Thousands of high school students already take Internet-based courses to make up credit, to have more choices of electives, or to take Advanced Placement classes not offered in their school.

In Tennessee, Memphis City Schools has developed an online program where every student, beginning the sophomore year, must take an online course to graduate. Sometimes the students complete their online course in a computer lab inside the school, during the regular school day, where a faculty or staff member is in the same room.

The school district points out that offering online courses helps prepare students for college, where they will likely take at least some courses online. Taking online courses in high school may help students build skills they will need in college and career.

Opponents to requiring online courses for high school students say that there is no research showing that online courses are as effective as instructor-led courses for K-12 students and that the push to require online courses for high school students is only fueled by a need to save money.

Administrators and instructors, what is your opinion about requiring high school students to take courses online?

Tuesday, April 12, 2011

Blended Courses Have High Levels of Success

Do you use a blended approach to teaching IT? Do you incorporate online instruction and face-to-face instruction in the same course? Hands-on labs in addition to reading assignments?

Blended courses have some of the highest levels of student success in postsecondary education, according to the University of Central Florida (UCF). UCF is one of 29 institutions awarded grant money last week from the Bill & Melinda Gates Foundation in the Next Generation Learning Challenge, which gives organizations the funding and opportunity to research strategies for improving student success in and completion of postsecondary education.

UCF’s grant money was awarded for them to develop a national model for blended learning, “a practice that combines web-based learning with traditional classroom instruction.” Specifically, UCF is developing a “Blended Learning Toolkit” that can help hundreds of colleges design blended courses, including course content, assessment solutions, and training materials.

UCF has thousands of students enrolled in blended learning courses, and the university reports that students consistently rank the blended courses higher than courses that are completely web-based or that are purely in the classroom with face-to-face instruction. The university also reports that its blended courses have the highest levels of student success and the lowest withdrawals.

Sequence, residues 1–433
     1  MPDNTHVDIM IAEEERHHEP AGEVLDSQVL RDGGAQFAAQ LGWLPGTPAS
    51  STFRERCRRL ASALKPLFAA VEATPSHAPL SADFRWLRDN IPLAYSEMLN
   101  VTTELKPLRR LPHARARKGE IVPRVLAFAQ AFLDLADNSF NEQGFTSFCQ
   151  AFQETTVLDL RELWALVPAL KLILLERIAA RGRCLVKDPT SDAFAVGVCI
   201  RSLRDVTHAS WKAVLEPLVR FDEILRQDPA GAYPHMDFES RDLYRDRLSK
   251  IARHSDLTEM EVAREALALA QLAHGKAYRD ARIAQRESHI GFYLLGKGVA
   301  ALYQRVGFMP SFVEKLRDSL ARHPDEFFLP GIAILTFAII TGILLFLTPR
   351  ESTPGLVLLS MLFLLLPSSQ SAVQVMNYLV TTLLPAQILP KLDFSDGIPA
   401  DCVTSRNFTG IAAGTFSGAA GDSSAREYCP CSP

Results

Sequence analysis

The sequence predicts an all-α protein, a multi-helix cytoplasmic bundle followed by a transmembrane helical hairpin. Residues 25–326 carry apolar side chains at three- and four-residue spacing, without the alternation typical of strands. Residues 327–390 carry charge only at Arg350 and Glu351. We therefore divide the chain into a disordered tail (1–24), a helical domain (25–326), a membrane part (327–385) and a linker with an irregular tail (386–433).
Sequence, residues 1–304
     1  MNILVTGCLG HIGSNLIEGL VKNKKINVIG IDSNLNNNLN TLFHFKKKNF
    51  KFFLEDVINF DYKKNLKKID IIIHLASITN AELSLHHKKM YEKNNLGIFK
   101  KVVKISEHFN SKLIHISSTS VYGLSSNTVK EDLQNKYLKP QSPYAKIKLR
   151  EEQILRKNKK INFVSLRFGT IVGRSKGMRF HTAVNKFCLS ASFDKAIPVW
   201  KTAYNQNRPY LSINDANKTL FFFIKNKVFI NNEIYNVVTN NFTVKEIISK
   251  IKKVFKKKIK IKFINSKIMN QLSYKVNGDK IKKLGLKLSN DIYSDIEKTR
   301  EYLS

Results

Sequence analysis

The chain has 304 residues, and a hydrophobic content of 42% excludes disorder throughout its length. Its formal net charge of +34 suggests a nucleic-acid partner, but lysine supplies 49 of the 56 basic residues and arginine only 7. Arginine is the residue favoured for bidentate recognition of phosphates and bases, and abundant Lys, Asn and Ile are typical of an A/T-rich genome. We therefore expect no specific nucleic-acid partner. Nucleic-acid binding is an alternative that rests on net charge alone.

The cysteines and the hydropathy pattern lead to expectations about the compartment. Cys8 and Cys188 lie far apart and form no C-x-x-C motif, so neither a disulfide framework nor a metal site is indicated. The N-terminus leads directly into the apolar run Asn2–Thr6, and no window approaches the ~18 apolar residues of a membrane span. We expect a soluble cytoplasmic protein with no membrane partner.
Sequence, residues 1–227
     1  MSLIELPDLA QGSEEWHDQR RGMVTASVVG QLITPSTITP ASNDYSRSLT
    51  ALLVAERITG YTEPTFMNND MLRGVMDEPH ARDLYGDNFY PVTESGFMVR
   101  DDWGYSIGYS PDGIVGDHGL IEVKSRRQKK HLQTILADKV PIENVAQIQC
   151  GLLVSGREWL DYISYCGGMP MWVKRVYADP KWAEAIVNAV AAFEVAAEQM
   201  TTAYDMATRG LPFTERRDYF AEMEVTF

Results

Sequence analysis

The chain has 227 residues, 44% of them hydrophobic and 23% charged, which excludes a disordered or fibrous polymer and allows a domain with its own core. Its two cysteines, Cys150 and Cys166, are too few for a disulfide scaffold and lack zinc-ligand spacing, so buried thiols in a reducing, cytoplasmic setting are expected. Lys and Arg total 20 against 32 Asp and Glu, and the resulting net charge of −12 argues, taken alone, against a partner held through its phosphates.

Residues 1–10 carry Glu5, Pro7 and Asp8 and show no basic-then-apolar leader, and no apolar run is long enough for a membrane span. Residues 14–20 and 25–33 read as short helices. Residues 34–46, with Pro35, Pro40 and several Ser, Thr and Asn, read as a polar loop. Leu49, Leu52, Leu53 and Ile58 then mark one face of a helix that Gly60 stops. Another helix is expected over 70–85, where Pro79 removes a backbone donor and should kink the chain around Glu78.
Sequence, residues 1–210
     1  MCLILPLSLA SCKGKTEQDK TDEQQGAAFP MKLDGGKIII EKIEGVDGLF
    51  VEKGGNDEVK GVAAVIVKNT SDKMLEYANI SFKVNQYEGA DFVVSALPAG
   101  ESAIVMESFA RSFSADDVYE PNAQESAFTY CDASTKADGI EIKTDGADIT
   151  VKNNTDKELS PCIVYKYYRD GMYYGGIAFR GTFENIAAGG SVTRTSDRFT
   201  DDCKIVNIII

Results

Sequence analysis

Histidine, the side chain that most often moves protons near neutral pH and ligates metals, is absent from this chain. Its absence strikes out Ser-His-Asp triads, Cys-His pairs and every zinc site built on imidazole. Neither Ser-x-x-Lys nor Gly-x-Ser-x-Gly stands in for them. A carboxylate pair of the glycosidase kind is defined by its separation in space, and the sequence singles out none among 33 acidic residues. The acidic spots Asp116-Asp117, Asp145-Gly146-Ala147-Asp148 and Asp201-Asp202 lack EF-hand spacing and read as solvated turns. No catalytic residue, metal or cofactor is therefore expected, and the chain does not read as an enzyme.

According to UCF, blended learning “encourages collaboration” and can “compensate for limited classroom space.” For faculty, blended courses can “infuse new opportunities for engagement into established courses.”

IT instructors, has a blended approach to teaching IT increased students’ engagement in your course? Has LabSim and its variety of teaching methods created new opportunities for learning in your classroom?

Wednesday, April 6, 2011

Trends in Ed Tech: Mobile Devices in the Classroom?

Do you let your students use their mobile devices for learning in your classroom? Do you think there could be educational benefit to letting them do so?

eSchool News reported this week on the Speak Up survey, a national survey of K-12 students, parents, teachers, and administrators about the use of technology in education. The survey has been conducted every year since 2005.

Of the middle and high school students surveyed at the beginning of the 2010-11 school year, 53% reported that the biggest obstacle to their education is that the use of their mobile device is not allowed for learning in school. 67% of parents say they think students should be allowed to use their mobile device in the classroom. On the other hand, 65% of school administrators strongly object to the use of mobile devices in school.

Other noteworthy themes that emerged in this year’s survey deal with digital curriculum materials, online courses, and the use of technology on collaborative assignments. Students expressed the desire for more interactivity and collaboration at school.

What do you think are the pros and cons of allowing students to use their mobile devices for learning in school? Have you had experiences when the use of mobile devices in the classroom has benefited your students' learning?